The Ministry of Industry and Trade has been urged to retract a directive, which experts say creates unnecessary obstacles for textile and garment manufacturers. — Photo baohaiquan.vn
HÀ NỘI — The Ministry of Industry and Trade has been urged to retract a directive, which experts say creates unnecessary obstacles for textile and garment manufacturers.
The directive, which took effect in December 2015, regulates the acceptable levels of formaldehyde and aromatic amines derived from azo dyes in apparel materials imported for local production.
Under the circular, formaldehyde levels in textile materials must not exceed 30 mg/kg in textile products for children under 36 months of age; 75 mg/kg for textile products in direct contact with human skin; and 300 mg/kg for textile products not in direct contact with human skin.
The new circular sets the same limits as one from November 2009, which it replaces, but adds requirements for sampling methods to reflect updated test methods and relevant quality management requirements.
Nguyễn Minh Thảo, head of the CIEM’s Business Environment and Competitiveness Division, said the ministry’s requirement has forced enterprises to comply with a time-consuming and costly procedures for the past seven years.
After reviewing relevant legal documents, her research group found that the issuance of Circular 37 was contrary to the current Law on Product and Goods Quality, Thảo told Thời Báo Tài Chính (Việt Nam Financial Times) Online.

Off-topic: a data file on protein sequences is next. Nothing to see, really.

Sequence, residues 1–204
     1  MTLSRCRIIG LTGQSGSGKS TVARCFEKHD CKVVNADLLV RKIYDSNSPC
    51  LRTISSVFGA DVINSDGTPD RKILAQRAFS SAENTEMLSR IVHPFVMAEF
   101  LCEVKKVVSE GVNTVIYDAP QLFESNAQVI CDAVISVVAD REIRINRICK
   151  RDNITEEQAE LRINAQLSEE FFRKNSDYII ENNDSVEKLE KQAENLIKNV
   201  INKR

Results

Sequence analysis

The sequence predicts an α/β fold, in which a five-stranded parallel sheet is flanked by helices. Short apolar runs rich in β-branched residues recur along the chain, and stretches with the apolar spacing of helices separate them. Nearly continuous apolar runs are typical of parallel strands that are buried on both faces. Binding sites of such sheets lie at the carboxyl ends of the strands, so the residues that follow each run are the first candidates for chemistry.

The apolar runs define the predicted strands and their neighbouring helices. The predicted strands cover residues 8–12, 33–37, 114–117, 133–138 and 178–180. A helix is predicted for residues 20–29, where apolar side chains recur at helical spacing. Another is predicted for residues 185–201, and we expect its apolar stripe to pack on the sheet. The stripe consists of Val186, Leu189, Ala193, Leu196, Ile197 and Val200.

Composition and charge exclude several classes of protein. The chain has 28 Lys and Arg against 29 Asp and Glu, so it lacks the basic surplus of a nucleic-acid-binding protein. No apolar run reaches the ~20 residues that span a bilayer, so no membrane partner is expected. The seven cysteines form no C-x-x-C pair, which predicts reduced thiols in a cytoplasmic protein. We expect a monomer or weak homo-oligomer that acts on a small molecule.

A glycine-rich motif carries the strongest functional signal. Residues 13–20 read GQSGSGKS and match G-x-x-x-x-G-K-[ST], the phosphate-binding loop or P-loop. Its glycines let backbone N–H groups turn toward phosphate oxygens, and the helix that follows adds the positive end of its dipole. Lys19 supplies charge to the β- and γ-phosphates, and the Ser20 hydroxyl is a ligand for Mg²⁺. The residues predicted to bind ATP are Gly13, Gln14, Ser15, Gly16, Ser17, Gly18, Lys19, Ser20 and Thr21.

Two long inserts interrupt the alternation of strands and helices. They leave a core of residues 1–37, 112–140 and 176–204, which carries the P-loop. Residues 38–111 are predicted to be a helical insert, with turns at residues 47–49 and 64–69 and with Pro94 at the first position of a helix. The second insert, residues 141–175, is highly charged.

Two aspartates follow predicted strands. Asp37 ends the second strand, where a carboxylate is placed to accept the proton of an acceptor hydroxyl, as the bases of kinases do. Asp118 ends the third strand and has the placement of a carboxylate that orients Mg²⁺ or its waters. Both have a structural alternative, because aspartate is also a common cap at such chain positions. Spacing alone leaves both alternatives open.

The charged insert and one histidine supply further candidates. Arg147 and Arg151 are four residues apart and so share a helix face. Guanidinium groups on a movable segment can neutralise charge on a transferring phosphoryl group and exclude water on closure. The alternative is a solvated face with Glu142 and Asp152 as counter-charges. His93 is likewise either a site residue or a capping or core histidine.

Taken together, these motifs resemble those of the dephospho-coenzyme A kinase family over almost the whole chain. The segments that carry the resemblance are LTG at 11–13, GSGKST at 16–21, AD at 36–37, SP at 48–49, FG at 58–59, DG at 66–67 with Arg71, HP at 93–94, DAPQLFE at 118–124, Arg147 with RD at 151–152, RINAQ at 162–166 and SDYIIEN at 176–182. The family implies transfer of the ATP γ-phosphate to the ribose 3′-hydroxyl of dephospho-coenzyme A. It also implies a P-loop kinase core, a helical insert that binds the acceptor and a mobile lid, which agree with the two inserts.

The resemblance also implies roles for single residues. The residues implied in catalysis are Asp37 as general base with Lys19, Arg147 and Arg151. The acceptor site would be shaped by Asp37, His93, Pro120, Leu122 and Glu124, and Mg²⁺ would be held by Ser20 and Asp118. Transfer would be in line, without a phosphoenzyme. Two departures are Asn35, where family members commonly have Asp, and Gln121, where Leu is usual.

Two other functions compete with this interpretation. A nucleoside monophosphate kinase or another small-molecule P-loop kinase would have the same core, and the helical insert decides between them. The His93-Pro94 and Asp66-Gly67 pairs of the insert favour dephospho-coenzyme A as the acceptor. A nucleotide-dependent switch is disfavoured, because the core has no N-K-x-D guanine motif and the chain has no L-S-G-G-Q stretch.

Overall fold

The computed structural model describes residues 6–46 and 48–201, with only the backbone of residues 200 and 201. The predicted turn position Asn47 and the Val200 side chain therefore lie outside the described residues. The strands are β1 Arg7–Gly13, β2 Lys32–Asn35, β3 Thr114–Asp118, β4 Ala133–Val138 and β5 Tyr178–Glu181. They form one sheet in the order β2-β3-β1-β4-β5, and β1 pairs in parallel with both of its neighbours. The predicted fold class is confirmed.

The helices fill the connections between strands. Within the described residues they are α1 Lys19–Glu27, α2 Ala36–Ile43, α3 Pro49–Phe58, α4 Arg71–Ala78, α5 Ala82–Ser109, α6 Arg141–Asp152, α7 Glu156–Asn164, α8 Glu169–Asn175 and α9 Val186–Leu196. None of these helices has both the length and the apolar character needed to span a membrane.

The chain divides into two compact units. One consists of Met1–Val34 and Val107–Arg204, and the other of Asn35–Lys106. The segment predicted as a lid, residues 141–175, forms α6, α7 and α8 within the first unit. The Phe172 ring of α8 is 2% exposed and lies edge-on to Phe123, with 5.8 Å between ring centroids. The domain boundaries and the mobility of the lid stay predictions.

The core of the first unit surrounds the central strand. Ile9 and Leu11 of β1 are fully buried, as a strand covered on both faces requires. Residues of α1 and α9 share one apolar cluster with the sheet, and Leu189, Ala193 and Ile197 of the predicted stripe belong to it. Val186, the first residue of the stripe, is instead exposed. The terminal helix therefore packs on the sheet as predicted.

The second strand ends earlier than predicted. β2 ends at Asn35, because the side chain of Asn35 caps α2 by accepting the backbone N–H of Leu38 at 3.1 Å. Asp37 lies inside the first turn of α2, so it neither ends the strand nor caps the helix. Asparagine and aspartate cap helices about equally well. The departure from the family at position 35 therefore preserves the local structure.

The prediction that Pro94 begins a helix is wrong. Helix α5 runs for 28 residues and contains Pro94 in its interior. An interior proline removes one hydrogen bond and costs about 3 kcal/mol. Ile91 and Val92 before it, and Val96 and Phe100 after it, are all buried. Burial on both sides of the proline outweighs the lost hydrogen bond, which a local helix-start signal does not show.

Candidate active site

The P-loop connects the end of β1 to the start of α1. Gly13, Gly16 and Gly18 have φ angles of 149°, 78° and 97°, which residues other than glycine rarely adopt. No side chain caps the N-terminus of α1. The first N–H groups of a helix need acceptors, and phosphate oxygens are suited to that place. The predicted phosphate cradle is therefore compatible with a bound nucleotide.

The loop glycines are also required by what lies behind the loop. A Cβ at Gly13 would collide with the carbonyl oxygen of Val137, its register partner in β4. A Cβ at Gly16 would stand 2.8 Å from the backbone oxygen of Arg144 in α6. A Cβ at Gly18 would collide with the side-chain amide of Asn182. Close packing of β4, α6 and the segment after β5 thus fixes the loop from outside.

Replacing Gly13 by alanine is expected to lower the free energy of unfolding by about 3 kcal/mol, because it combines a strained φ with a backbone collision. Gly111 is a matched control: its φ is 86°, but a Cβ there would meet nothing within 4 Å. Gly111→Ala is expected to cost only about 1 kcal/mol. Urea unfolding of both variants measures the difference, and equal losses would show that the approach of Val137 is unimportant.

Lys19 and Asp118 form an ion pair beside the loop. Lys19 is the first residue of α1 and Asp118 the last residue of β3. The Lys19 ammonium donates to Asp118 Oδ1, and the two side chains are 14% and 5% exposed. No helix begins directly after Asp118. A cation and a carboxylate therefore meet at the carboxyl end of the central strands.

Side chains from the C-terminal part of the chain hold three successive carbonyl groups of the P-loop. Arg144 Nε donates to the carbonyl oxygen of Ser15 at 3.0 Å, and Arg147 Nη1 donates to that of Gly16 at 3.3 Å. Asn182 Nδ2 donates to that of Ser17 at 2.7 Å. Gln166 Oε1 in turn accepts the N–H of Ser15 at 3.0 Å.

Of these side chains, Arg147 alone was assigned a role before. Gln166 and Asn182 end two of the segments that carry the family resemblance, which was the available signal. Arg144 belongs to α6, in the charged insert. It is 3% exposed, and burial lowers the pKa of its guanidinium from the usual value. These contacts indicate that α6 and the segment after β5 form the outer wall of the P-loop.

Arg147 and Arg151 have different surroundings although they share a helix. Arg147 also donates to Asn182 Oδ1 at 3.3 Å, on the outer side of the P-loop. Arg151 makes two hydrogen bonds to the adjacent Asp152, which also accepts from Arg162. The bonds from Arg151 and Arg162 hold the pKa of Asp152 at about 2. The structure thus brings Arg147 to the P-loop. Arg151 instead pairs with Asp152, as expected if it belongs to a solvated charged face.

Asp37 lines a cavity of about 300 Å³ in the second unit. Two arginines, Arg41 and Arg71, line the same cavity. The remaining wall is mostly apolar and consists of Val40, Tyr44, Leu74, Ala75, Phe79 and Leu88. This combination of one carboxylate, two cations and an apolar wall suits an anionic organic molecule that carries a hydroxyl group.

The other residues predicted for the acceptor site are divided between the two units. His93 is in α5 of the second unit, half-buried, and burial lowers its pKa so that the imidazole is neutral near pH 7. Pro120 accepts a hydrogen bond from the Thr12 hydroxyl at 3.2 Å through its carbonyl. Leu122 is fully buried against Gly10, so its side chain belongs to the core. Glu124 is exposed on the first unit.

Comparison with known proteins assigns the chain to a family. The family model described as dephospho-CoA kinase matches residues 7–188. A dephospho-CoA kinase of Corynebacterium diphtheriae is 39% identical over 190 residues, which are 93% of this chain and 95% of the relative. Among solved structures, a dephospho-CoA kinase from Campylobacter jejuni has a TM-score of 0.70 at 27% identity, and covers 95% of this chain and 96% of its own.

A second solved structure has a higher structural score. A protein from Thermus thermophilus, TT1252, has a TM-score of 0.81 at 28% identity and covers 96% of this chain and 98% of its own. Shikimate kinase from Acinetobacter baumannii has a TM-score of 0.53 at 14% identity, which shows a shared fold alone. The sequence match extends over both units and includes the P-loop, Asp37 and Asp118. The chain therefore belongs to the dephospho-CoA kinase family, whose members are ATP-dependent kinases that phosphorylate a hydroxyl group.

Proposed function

Under the law, the ministry is only allowed to issue regulations related to the inspection of formaldehyde content in textile products if the products are on the list of commodities under the ministry’s management.
However, textile products are not on the list of potentially unsafe goods under the ministry’s management.
On November 24, 2015, the ministry promulgated Circular 41 to supplement the textile products on the list as a “band-aid” solution.
Phạm Thanh Bình, former head of the General Department of Việt Nam Customs’ Post-Clearance Inspection Division, said “Circular 41 was issued and came into effect after Circular 37, thus Circular 37 is baseless.”
The Việt Nam Textile and Apparel Association (VITAS) complained that the requirement has cost garment enterprises much time and money. In particular, the long customs clearance time interrupts production and, in some cases, causes firms to miss delivery deadlines.
The complicated procedure will force enterprises to raise product costs, so their competitiveness will also be harmed, according to VITAS.
A formaldehyde content check usually takes three to seven days and the examination fee for one sample is approximately VNĐ2 million (US$90).
Statistics from Tân Sơn Nhất Airport Customs show that customs officers examine about 8,000 imported shipments of apparel per year for formaldehyde content, but just six cases of non-compliance have been found.
VITAS complained that the percentage of non-compliance never reached one per cent, but their products have undergone exhaustive examinations for years. – VNS